I chose the article “Transitional Home Offers Redemption” to represent this principle because it tells the tale of Reggie Cain, who never learned the skill of self-management. He explains how he got mixed up in drugs and alcohol and was really at a low point. Luckily he found a transitional home that got him back on track and gave him the tools he needed to learn how to self-manage and to help others do so as well. Reggie used these skills to complete a bachelor’s degree in behavioral health at the age of 61, and he has opened two transitional houses with plans for more in the future. Even though it took Reggie a long time, he found a place that fostered him in learning these skills, just as students must do. Reggie did have to take the first step toward this turnaround, and that step was all him, and this is a similar choice that students must make in college as well—a new school with professors and impressive classmates can be intimidating and confusing. While Reggie’s experiences are much more dramatic than walking down the hall to the academic counselor’s office, the same steps are still there and Reggie serves as an inspirational example for us all.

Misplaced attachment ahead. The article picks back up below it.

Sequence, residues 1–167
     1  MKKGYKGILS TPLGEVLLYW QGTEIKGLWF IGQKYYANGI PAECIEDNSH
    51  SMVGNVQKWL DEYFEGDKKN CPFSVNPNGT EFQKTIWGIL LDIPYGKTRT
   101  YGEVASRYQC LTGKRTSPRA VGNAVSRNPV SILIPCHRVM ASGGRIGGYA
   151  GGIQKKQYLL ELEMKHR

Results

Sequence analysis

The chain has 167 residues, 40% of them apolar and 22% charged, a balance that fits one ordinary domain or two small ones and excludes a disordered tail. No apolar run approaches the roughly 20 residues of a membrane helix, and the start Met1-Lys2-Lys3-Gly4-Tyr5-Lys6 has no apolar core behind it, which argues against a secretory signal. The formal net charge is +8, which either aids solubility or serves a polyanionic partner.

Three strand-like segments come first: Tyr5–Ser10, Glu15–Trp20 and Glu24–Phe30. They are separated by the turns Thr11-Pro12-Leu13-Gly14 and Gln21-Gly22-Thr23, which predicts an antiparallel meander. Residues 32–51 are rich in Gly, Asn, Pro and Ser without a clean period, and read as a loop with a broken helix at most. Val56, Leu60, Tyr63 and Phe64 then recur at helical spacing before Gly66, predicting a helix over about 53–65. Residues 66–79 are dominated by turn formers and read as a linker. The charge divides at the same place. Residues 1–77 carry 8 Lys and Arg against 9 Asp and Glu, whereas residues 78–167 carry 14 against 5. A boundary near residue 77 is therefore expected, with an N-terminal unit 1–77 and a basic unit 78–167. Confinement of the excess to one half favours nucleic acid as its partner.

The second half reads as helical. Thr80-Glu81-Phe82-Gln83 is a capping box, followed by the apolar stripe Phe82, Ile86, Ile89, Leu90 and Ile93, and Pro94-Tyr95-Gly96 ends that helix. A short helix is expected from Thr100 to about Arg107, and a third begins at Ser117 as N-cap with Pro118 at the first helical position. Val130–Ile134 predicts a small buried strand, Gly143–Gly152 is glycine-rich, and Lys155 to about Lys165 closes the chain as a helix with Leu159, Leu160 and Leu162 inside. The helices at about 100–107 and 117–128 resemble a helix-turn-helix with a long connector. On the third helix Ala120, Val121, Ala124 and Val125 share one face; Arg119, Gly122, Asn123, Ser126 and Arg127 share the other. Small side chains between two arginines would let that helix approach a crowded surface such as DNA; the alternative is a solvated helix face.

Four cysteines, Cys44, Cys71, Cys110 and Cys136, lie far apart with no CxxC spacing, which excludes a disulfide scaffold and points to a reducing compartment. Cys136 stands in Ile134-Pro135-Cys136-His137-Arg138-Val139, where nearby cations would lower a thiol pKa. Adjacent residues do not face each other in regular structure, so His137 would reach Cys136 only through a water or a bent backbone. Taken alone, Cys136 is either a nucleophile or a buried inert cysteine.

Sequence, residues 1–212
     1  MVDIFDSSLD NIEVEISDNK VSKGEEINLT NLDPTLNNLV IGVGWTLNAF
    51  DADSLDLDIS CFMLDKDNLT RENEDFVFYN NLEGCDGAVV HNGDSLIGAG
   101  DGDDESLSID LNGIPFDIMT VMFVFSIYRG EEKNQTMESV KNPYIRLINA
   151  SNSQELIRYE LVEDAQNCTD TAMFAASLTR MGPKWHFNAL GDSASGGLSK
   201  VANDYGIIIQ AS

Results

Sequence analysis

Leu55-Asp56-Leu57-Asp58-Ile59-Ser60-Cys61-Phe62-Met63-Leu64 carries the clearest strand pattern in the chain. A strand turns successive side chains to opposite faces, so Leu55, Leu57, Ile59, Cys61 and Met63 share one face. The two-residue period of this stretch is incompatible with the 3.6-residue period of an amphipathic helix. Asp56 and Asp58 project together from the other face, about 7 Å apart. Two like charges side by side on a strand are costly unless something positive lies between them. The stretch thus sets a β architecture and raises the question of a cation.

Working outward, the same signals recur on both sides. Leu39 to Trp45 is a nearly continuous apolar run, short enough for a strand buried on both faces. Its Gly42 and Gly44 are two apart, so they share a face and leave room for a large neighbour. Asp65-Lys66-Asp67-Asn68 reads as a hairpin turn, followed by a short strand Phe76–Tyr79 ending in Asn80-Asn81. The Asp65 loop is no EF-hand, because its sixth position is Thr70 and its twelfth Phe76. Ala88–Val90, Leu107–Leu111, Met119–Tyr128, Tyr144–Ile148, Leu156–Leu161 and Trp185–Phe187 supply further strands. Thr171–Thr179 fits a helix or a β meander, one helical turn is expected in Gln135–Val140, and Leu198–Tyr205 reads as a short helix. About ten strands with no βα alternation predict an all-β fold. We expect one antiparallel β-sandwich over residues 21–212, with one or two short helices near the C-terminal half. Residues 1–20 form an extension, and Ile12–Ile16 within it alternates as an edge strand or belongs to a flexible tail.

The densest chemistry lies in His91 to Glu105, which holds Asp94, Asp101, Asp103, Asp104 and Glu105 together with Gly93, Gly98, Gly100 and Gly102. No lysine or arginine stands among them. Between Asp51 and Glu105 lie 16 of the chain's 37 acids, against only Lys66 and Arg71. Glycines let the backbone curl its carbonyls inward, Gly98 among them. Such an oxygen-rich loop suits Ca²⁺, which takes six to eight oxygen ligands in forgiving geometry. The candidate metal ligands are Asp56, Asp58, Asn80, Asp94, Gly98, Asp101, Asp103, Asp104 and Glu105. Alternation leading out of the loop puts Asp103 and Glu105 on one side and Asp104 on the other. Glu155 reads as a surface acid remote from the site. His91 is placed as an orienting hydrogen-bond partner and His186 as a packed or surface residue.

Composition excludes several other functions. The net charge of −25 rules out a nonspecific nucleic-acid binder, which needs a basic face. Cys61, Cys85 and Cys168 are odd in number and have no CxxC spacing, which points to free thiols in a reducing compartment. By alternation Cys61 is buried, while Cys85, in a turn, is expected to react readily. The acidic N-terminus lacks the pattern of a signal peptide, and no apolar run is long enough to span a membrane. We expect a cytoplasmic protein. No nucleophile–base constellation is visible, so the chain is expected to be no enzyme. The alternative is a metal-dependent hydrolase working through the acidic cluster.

I chose the picture above because, to me, self-management is all about juggling. There are always times where things can appear to be too much, which is an inspiration to shirk responsibility and drop out of things. Procrastination is a huge influence in making this happen and that’s why I believe self-management has a lot to do with time management. Going out with friends when a paper is due is a time management issue. Of course there are also issues of personal responsibility, and those have to be confronted as they arrive (Should I cheat? Should I drink? Should I put the extra effort into a project?), but even poor choices in responsibility can, a lot of the time, be avoided with appropriate time management application.

Four self-improvement benefits that I gained from the incorporation of self-management are: more free time, feeling more success generally when it comes to learning because I just sat down and did it, feeling more connected and prepared by ensuring I sought out help when I needed it, and feeling better physically by managing my health options more (sleeping, eating right).